A sign announces the release of Sgt. Bowe Bergdahl at the Hailey Paint and Supply store on June 1 in Hailey, Idaho, Bergdahl's hometown. (Scott Olson / Getty Images)
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Army Sgt. Bowe Bergdahl, who was held for five years by an Islamic insurgent group in Afghanistan before the controversial barter that brought him freedom, was discharged from the Coast Guard two years before joining the Army.
“He did join in early 2006 and he did enter boot camp training,” Coast Guard spokeswoman Lisa Novak confirmed to USA Today. “He left after 26 days ... with an uncharacterized discharge.”
Such discharges, according to Coast Guard regulations, are issued to people who serve less than 180 days. Novak provided no further explanation for Bergdahl’s discharge.
Berghdahl, 28, was held captive by the Taliban-aligned Haqqani network in Afghanistan until his release May 31. Five Guantamao Bay detainees were freed in the deal, and the Obama administration has faced withering criticism, particularly on Capitol Hill.
Reports from his fellow soldiers and others that he had become disillusioned by the war and had walked away from his post before his capture added to the controversy.
The Washington Post, which first reported the Bergdahl’s Coast Guard history, reported that it obtained a copy of Bergdahl’s computer files, handwrittten journal, essays and other records from his friend, Kim Harrison, who received them from the Army after Bergdahl was taken prisoner in 2009.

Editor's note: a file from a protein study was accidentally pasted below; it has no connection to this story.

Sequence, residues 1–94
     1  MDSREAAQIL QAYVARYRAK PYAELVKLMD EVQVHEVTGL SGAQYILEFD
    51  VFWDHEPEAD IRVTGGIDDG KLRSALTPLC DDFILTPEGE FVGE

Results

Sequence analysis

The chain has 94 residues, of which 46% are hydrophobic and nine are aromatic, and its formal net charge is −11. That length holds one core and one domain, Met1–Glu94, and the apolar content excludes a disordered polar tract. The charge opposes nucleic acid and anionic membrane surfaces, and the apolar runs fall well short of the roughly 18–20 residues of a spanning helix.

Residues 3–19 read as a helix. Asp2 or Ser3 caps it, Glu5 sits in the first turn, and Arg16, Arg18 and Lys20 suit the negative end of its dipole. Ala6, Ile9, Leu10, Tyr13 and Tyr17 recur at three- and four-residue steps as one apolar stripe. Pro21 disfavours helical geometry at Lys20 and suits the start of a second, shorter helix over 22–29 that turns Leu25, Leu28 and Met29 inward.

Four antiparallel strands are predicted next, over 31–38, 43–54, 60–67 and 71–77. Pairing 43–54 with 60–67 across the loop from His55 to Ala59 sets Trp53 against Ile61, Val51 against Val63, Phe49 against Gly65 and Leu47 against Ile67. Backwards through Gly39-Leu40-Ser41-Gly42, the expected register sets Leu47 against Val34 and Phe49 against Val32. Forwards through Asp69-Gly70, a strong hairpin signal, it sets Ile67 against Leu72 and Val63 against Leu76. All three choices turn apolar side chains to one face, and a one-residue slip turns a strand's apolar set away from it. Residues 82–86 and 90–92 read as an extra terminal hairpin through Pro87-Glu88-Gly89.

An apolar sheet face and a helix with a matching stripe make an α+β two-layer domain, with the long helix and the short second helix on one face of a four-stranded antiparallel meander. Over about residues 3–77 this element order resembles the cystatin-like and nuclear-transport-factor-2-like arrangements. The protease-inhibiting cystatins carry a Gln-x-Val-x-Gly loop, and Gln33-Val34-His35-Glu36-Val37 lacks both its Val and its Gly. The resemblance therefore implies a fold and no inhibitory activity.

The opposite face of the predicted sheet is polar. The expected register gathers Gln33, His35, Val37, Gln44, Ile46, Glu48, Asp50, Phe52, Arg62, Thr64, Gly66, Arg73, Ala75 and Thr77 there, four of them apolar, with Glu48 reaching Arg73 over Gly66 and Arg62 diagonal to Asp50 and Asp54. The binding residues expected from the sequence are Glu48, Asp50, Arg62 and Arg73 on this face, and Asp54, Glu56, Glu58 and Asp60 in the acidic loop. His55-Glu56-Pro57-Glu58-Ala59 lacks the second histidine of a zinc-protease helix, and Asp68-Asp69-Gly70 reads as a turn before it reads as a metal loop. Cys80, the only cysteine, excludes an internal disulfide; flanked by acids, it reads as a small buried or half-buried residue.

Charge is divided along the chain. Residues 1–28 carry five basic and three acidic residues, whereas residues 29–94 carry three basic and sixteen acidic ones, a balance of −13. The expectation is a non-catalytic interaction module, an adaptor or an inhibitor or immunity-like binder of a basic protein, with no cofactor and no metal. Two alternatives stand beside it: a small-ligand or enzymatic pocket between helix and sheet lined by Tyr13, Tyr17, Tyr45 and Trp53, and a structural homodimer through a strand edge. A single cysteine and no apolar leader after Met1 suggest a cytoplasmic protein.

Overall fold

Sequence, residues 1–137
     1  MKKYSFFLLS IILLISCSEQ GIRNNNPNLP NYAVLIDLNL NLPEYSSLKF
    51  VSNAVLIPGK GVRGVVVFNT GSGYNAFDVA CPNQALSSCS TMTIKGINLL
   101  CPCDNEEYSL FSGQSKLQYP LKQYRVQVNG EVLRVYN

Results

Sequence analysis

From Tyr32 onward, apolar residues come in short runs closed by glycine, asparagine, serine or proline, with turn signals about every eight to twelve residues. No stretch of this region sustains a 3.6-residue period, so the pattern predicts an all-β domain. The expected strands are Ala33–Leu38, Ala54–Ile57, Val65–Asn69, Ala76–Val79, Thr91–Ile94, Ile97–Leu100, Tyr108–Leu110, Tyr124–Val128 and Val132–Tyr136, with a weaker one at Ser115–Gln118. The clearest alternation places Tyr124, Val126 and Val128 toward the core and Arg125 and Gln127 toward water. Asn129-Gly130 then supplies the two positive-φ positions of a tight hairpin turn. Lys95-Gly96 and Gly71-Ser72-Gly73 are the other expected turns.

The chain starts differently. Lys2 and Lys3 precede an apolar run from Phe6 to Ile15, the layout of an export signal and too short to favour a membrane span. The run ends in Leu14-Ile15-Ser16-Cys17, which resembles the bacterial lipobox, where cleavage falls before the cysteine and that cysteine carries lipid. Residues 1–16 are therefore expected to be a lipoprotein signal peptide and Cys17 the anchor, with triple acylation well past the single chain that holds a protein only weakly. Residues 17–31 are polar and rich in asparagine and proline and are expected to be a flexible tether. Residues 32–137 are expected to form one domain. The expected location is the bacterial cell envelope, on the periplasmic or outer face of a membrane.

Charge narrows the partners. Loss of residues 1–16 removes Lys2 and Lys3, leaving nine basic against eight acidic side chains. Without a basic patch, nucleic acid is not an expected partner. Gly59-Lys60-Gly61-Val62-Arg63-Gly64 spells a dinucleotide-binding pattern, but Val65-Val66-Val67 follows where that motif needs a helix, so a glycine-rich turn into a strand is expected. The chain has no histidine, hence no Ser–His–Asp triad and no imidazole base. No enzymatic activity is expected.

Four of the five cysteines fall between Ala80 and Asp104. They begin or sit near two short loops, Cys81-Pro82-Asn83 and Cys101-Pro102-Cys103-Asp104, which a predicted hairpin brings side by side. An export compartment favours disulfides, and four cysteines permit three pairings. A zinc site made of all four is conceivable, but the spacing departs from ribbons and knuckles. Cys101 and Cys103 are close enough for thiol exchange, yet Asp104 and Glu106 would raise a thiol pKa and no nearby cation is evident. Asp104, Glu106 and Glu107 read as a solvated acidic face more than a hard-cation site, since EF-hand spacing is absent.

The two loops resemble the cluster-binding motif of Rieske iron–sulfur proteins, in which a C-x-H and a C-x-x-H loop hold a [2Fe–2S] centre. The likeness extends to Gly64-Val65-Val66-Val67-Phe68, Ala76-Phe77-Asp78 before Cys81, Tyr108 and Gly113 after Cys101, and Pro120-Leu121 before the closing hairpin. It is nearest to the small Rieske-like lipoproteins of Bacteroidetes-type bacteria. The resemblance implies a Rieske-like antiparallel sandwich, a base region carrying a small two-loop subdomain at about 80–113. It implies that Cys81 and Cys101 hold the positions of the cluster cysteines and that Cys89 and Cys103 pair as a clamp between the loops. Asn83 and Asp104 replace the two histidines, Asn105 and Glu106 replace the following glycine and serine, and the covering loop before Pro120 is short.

The Post said Harrison decided to share the records because “she has become concerned about the portrayal of Bergdahl as a calculating deserter, which she contends is at odds with her understanding of him as a sensitive, vulnerable young man.”
The Post published bits of several entries from Bergdahl’s journal.
“I’m worried,” Bergdahl wrote in one entry before he deployed. “The closer I get to ship day, the calmer the voices are. I’m reverting. I’m getting colder. My feelings are being flushed with the frozen logic and the training, all the unfeeling cold judgment of the darkness.”
“I will not lose this mind, this world I have deep inside,” he also wrote. “I will not lose this passion of beauty.”
“Trying to keep my self togeather,” he wrote at another point, using his often unorthodox spelling. “I’m so tired of the blackness, but what will happen to me without it. Bloody hell why do I keep thinking of this over and over.”
Public opposition to the exchange has less to do with Bergdahl himself and more with how Obama handled the transfer, according to a USA Today/Pew Research Center poll.
Defense Secretary Chuck Hagel, testifying Wednesday on Capitol Hill, defended the deal, saying the risks to Bergdahl were growing when officials feverishly negotiated his release in return for five detainees at Guantanamo Bay.
Hagel also pointed out that Bergdahl has not been charged with any crime and the speculation and criticism of his actions are unwarranted.
“Like any American, Sgt. Bergdahl has rights, and his conduct will be judged on facts — not political hearsay, posturing, charges or innuendo. We owe that to any American and especially those who are members of our military and their families,” he said.
But foes of the deal, including Sen. John McCain, R-Ariz., say the men who were released are a threat to Americans. They add that the deal could set a bad precedent and encourage enemies of the U.S. to kidnap Americans.
Contributing: Jim Michaels